Background: Failure of proton pump inhibitor (PPI) treatment in patients with heartburn is very common. Because endoscopy is easily accessible, it is commonly used as the first evaluative tool in these patients.
Objective: To compare GERD-related endoscopic and histologic findings in patients with heartburn in whom once-daily PPI therapy failed versus those not receiving antireflux treatment.
Design: Cross-sectional study.
Setting: A Veterans Affairs hospital.
Patients: Heartburn patients from the GI outpatient clinic.
Intervention: Recording of endoscopic results.
Main outcome measurements: Endoscopic findings and association between PPI treatment failure and esophageal mucosal injury by using logistic regression models.
Results: A total of 105 subjects (mean age 54.7 +/- 15.7 years; 71 men, 34 women) were enrolled in the PPI treatment failure group and 91 (mean age 53.4 +/- 15.8 years; 68 men, 23 women) were enrolled in the no-treatment group (P = not significant). Anatomic findings during upper endoscopy were significantly more common in the no-treatment group compared with the PPI treatment failure group (55.2% vs 40.7%, respectively; P = .04). GERD-related findings were significantly more common in the no-treatment group compared with the PPI treatment failure group (erosive esophagitis: 30.8% vs 6.7%, respectively; P < .05). Eosinophilic esophagitis was found in only 0.9% of PPI treatment failure patients. PPI treatment failure was associated with a significantly decreased odds ratio of erosive esophagitis compared with no treatment, adjusted for age, sex, and body mass index (adjusted odds ratio 0.11; 95% CI, 0.04-0.30).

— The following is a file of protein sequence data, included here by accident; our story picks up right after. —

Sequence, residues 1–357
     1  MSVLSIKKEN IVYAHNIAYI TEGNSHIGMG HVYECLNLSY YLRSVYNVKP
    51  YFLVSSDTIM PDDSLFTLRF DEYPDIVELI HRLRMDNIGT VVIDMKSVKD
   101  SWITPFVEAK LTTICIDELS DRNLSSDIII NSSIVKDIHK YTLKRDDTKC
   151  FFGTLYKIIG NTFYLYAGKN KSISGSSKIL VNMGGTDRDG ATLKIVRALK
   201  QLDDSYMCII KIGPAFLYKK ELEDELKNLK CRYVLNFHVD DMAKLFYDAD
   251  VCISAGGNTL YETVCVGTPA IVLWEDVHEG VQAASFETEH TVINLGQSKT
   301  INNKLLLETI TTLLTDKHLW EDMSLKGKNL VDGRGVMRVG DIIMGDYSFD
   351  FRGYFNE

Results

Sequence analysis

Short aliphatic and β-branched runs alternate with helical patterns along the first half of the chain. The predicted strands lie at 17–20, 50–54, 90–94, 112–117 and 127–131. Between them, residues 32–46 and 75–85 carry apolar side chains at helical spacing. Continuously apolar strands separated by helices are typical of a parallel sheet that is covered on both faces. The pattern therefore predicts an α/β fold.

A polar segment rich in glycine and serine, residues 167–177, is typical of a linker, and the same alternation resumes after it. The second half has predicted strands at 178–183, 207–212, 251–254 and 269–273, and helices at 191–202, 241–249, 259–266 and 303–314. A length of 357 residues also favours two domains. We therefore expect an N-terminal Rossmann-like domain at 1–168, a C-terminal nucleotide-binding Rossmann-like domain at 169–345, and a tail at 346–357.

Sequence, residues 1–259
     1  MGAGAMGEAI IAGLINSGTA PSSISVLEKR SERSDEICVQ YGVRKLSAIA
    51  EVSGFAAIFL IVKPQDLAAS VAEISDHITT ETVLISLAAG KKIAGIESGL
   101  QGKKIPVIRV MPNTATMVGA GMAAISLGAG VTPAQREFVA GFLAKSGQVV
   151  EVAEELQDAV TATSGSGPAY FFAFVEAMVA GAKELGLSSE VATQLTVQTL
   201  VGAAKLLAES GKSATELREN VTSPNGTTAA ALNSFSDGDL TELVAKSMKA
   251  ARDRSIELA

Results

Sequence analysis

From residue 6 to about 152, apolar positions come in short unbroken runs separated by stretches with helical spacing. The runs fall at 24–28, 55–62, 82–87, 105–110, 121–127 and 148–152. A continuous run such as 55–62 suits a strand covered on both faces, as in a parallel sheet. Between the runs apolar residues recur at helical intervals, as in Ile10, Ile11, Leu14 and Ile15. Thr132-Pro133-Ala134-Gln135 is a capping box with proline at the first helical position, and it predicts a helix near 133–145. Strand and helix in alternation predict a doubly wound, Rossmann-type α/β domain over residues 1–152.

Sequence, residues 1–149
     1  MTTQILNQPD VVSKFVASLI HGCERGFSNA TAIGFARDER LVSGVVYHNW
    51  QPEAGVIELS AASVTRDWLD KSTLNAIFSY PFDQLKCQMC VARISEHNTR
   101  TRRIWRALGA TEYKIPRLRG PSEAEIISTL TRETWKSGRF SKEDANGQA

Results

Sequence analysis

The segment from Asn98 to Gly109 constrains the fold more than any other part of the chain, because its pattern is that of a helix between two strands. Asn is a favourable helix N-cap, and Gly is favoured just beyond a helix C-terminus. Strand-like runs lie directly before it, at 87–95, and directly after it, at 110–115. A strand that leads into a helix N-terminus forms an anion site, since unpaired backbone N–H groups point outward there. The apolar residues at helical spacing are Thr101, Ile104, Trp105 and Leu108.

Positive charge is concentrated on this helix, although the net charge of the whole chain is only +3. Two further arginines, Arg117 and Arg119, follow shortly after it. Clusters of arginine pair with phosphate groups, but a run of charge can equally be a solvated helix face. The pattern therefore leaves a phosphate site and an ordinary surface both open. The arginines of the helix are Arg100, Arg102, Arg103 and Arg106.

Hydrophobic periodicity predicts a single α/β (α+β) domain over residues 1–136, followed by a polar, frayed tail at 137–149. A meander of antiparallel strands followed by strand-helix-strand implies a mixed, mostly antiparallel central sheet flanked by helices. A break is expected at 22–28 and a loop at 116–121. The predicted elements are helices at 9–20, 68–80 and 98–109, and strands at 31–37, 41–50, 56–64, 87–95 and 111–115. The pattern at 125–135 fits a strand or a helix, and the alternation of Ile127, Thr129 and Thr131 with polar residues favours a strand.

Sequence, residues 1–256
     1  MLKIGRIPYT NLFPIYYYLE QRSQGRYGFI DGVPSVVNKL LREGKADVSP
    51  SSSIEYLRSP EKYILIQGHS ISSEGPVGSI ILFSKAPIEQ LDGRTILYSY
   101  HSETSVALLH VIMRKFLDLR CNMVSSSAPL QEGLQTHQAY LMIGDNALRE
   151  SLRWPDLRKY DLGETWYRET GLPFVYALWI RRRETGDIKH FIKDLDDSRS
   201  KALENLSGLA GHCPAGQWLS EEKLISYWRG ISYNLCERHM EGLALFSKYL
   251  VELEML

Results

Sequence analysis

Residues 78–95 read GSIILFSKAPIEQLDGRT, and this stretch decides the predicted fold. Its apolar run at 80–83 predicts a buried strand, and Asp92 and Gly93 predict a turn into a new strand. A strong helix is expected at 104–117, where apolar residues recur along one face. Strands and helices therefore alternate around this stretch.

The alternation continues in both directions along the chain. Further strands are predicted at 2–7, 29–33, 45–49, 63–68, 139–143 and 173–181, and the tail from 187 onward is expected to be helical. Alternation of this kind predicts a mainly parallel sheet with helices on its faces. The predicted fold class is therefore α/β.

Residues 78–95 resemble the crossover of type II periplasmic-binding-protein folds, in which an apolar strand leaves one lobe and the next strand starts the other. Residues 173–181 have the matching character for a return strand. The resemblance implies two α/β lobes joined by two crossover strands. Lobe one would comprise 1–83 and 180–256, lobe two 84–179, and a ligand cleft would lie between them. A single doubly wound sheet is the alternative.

Conclusions: Heartburn patients in whom once-daily PPI treatment failed demonstrated a paucity of GERD-related findings compared with those receiving no treatment. Eosinophilic esophagitis was uncommon in PPI therapy failure patients. Upper endoscopy seems to have a very low diagnostic yield in this patient population.
2010 American Society for Gastrointestinal Endoscopy. Published by Mosby, Inc. All rights reserved.